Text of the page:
Moll Dyer – witch or victim?
It all starts in and around the year 1697 in the small Maryland town of Seymortown (later to be called Leonardtown).
It is said that Moll Dyer lived in a small cottage just outside of town and that prior to 1697 she had been largely ignored by the people of Seymortown.
Now we should take a quick break here for a moment and explain that there is quite a bit of dispute as to whether Moll Dyer even existed in the first place, let alone was subject to the following legend. What we do know for sure is that we have immigration papers for a Mary Dyer, Moll is a nickname for Mary, arriving in Maryland in October 1677. That same Mary is known to have arrived in Seymortown shortly after that. It stands to reason that both are the same person and so it is completely possible that a Moll Dyer was present in 1697 Seymortown.
It was a particularly brutal winter for Leonardtown, Maryland. In 1697, or 1698 depending on who you ask, disease outbreaks, death, crop failures, and a harsh cold plagued the area. Word of the Salem witch trials a few years earlier had made its way south. Superstition and fear found fertile ground in the desperation. Additionally, many people in the area were dying from influenza, which swept the area that winter.
Dyer, who was known as a healer, seemed to be the target of suspicion by townsfolk and gossip soon began as to how they could rid themselves of this misfortune which had befallen the region.
The townspeople decided that Dyer, was the source of their misfortune. They labeled the single woman a “witch” and said that she must have cursed the town. They descended upon her hut on a frigid night, torches in hand, and set her home ablaze.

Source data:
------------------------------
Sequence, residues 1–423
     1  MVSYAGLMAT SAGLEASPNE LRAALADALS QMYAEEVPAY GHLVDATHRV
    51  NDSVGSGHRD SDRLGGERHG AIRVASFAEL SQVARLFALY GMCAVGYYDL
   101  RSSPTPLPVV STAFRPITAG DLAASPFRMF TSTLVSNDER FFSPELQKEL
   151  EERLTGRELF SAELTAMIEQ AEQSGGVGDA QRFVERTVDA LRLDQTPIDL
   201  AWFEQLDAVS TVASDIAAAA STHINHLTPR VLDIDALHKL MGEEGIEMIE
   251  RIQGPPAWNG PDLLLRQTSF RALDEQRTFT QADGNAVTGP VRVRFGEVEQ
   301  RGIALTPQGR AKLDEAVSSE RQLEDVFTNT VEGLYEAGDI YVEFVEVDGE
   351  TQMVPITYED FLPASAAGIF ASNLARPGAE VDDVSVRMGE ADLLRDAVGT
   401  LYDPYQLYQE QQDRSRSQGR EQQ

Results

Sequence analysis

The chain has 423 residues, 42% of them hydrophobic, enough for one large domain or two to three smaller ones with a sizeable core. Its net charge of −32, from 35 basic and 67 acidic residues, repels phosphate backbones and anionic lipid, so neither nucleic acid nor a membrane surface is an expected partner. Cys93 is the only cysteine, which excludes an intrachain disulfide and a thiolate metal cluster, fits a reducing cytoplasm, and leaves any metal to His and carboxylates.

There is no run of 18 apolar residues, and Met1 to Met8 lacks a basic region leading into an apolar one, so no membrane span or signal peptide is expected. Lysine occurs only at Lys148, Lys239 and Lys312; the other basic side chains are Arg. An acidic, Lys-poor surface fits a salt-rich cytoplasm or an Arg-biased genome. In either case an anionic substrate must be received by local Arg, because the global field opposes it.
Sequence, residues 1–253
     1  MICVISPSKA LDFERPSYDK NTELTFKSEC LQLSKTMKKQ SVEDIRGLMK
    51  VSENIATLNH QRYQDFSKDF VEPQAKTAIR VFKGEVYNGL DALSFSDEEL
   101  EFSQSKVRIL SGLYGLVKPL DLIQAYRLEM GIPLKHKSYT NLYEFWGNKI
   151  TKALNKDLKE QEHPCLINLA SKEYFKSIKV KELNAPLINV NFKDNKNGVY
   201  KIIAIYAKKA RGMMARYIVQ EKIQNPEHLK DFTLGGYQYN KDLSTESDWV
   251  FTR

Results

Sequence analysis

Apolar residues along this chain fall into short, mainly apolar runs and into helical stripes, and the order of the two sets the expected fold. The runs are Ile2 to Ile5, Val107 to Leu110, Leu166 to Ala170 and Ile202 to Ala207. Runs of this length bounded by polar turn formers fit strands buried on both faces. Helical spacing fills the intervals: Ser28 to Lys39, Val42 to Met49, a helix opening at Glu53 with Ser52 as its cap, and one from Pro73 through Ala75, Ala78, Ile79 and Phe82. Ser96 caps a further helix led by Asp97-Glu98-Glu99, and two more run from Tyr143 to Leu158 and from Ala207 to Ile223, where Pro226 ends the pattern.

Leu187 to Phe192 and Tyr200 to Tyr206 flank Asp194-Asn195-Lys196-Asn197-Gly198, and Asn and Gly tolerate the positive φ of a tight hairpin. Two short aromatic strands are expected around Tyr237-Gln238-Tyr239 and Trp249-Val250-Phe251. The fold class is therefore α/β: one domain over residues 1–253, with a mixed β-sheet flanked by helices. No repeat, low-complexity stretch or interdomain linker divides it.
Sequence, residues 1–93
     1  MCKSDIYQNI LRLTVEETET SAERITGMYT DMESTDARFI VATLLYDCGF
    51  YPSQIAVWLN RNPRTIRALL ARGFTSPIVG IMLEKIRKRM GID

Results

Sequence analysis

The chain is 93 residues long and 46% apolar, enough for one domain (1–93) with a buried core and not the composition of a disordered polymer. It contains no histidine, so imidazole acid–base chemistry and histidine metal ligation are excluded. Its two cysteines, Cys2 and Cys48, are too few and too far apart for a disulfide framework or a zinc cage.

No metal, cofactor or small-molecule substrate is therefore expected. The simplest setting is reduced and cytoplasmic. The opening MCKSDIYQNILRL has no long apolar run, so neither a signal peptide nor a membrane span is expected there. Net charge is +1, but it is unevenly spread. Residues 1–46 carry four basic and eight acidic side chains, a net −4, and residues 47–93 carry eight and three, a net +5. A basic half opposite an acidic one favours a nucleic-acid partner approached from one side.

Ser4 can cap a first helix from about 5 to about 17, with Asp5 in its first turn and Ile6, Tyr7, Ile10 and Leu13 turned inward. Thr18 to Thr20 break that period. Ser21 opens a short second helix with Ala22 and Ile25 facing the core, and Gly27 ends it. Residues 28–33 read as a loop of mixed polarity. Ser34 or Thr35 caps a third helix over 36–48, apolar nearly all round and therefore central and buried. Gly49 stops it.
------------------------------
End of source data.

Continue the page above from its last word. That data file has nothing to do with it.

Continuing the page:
Dyer escaped the flames, running off into the nearby woods as torch-wielding colonists followed her. The snow fell more forcefully, the winds blew harder, and suddenly, Dyer was deep in the woods in the midst of a blizzard. She had lost those chasing her, but she was alone. She soon found a large boulder and rested her hand and knee upon it.
It was too cold. There was no way she’d survive the night. In her final moments, she stretched out an arm, raising it to the heavens to curse Leonardtown and her persecutors for eternity.
Several days later, a young boy came upon her corpse. Her body was frozen and one of her arms was allegedly stretched towards the heavens, perhaps in a last ditch effort for her or as a way to curse her tormentors.
How do we know this? Well, it is rumored that the imprints of her hand remained burned into the rock for hundreds of years. This boulder is so important that the local historical society had it moved and placed in front of their building. It is also said that at the original site of the rock the fields were strangely barren for years after her passing.
It was said that the men responsible for leading the mob to Moll’s door all had bouts of horrible luck. Their lands became barren, their livestock died, they got sick, and their families suffered.
The woods around Moll Dyer’s cabin become cursed too, never being able to grow crops again. It’s even said that a lady in white can be seen late at night wandering the woods, especially on cold winter nights.
It’s a story that has been passed down from generation to generation. Ask anyone in town and they know all about Moll Dyer. Today, the place where Dyer’s hut is said to have stood is called Moll Dyer Road, and the stream that runs parallel to it is called Moll Dyer’s Run.
There is strong evidence that the story of Dyer was the inspiration and foundation for the hit film, “Blair Witch Project“.